By Eric J. Holdaway & Rob Greene
When listen to a pair of stereo speakers, do you hear the singer in the center and the band spread out, in the positions that they were in when the recording was done? What is a Stereo Imaging?
Imaging is what is called a psycho-acoustic effect. It is the ability of your sound system to fool your brain into recreating the original placements (either acoustical or conceptual) of the singers and instruments that are being played back from a recording.
The recording format that we deal in is called stereo. Stereo means that all of the information (music, vocals, ambience, special effects, etc.) from the performance is being recorded on a 2 channel (left and right) recording format. And as we at Speaker Works are fond of saying to people when they are asking about center (3rd) channels, IT'S STEREO NOT TREREO.
Imaging from a stereo playback system is experienced by the listener due to their perception of the sound characteristics of frequency, phase (relative arrival times of the sound wave), and energy (amplitude/volume/loudness).
Now, because our recording format is a 2 channel format, the ideal reproduction system would be 2, single speakers that have identical and perfect sound reproduction capabilities. They might be placed with the same spacing as the microphones that recorded the performance and would not be affected by their surroundings (environment). The listener would be in front of and facing the speakers, so that the speakers are equally distant from the listener.
I can hear all you people saying, "Yeah right. There is no such thing." You're right. About the closest thing to the "ideal" that I have outlined is a set of headphones. Music played though headphones is not acoustically affected by the surroundings, because the signal plays directly into the ear canal, which is a very small volume. It cannot add any late or early reflection, and will not affect phase or energy output of the headphones, because the headphones are equally distant from each ear drum. Headphones essentially recreate only what is already in the recording. (For the sake of this discussion we will not go into all the aural effects of the ear. It is enough to say that the brain's built in equalizer compensates for these "effects" automatically).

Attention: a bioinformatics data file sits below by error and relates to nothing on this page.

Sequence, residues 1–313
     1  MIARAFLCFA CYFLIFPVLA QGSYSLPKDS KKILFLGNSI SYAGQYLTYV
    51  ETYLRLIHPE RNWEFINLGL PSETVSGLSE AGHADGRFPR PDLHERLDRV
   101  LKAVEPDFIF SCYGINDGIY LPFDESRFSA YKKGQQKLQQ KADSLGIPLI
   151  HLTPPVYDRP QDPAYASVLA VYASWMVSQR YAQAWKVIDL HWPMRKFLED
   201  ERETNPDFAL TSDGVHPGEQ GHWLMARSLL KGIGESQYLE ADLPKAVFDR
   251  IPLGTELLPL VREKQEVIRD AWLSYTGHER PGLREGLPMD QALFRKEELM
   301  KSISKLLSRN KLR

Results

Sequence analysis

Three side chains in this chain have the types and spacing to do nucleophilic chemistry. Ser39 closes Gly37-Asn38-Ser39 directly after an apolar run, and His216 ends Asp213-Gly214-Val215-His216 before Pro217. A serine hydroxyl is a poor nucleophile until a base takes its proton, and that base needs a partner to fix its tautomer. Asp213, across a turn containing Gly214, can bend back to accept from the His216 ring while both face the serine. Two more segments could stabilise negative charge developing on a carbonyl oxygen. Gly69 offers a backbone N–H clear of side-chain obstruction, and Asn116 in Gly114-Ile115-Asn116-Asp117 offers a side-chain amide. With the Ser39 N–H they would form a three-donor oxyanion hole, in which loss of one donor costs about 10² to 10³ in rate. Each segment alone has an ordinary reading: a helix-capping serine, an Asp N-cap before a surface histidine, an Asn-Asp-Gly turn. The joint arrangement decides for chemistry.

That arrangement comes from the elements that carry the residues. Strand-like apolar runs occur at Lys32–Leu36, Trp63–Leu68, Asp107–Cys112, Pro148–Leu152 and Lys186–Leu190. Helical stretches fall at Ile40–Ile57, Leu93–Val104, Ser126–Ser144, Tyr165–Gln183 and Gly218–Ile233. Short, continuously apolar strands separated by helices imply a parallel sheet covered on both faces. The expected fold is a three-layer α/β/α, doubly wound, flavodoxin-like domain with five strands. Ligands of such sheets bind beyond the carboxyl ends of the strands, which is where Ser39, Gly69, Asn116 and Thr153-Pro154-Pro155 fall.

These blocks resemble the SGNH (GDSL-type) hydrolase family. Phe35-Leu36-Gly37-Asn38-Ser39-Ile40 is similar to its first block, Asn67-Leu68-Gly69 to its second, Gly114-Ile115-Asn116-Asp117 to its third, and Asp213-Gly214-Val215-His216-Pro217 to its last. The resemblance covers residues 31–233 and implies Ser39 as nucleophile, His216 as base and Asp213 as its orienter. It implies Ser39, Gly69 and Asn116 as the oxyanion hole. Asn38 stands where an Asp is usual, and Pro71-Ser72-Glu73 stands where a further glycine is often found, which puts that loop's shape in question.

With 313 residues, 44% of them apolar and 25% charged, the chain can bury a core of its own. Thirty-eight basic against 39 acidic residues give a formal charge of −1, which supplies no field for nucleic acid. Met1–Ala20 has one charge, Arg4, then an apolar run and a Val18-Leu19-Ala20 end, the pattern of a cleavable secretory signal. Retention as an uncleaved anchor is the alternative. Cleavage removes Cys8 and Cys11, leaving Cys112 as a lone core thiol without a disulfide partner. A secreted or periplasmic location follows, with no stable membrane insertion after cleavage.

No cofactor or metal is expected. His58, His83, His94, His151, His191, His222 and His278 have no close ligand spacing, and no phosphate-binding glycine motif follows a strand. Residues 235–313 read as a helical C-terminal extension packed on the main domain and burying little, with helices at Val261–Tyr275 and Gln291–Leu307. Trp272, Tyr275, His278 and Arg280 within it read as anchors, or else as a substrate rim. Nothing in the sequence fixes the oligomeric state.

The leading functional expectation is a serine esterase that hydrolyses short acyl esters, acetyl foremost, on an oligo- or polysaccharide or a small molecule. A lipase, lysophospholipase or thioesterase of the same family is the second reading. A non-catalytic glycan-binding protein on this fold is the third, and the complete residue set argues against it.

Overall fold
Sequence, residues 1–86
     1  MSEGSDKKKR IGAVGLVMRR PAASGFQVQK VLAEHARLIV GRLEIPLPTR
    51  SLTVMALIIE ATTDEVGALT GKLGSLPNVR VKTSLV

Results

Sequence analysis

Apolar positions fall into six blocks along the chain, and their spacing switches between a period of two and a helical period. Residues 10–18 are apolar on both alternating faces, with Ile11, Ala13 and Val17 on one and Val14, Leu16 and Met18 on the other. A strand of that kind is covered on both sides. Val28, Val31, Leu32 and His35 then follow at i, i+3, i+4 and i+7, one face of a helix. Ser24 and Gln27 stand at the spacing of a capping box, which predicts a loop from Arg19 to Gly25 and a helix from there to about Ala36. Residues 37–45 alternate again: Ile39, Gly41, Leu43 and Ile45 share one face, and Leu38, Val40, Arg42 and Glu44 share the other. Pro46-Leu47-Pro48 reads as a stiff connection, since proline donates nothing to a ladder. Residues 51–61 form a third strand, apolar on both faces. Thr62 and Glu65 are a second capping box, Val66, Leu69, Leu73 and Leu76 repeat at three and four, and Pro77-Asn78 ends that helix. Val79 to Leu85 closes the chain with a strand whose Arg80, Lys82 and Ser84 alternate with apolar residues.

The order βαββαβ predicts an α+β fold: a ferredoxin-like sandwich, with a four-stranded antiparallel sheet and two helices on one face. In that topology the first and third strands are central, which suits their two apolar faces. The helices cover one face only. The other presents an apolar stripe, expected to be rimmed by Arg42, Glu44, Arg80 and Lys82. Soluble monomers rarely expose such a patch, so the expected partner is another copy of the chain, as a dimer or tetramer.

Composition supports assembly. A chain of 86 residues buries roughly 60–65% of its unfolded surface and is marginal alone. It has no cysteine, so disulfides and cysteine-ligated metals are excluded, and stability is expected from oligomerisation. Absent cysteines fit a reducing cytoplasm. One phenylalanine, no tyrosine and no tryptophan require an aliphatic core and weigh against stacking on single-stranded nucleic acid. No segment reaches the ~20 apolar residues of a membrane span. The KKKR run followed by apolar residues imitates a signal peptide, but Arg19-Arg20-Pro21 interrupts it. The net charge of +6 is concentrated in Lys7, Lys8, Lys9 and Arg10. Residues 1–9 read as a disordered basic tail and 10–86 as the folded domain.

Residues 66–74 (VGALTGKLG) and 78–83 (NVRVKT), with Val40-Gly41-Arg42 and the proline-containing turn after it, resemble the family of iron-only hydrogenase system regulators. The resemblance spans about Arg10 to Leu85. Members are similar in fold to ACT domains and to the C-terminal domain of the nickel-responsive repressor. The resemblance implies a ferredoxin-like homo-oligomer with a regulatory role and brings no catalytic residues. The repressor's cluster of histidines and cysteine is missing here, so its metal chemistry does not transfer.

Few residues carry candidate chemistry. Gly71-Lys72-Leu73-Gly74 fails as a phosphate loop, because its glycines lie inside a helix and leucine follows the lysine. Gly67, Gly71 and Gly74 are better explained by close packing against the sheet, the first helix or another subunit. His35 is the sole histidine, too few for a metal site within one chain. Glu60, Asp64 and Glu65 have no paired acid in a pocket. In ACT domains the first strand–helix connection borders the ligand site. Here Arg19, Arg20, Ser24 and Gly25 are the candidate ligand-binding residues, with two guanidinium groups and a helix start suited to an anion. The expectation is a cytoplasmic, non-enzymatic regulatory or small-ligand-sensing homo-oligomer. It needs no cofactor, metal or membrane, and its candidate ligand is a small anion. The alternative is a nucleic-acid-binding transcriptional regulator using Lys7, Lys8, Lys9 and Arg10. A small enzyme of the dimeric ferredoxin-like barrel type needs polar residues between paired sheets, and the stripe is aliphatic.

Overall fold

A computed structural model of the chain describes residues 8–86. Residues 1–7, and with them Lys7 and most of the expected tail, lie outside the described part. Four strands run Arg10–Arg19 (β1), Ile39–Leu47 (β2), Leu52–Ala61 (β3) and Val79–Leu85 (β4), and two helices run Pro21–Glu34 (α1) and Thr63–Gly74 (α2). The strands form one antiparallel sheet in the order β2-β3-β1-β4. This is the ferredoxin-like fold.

I feel that the car offers many of the same advantages as headphones. Because the listening area in the auto is small, it does not add late reflections (echo). With careful selection of speaker location and aiming you can increase the amount of direct radiated sound and minimize the undesirable early reflections. The idea is to minimize the impact that the environment has on the sound reproduction. Remember that headphones do not interact with the listening environment. Headphones only interact with the "room" inside your ear. Headphones maximize the ratio of direct to reflected sound. Please, at this point, do not confuse these added room reflections with the reflections that are part of the recording and hence part of the "music" we want to accurately reproduce. I am referring to environmental (room) added time aberrations, sometimes called the "Room Signature."
End of theory. Now for practice. How do you create imaging in the car? Can speaker location promote imaging and if so, what are the correct locations? What other factors contribute to imaging?
The common wisdom on speaker placement to encourage imaging is to place the midrange wherever it would fit in the doors, and to put the tweeters as high on the door or dash as you can get them. This is thought to be the way to give the sound height. The thinking goes that the higher the tweeters are mounted, the higher the image will be, and vice versa. This is not necessarily true! In fact, the physical locations of the speaker have little to do with the listeners' perception of sonic height. Also, by separating the tweeters from the midranges, the sound quality will be degraded. SpeakerWorks has an old "rule of thumb" that we use. It states, "The closer together the midrange and tweeter are, the farther apart they will sound." In other words, if the tweeter and midrange are together, you are more likely to achieve spatial effects like imaging, soundstaging, and ambience. On the other hand, if you separate the tweeter and midrange, you are most likely to "achieve" easily detectable speaker locations with no imaging (point source localization).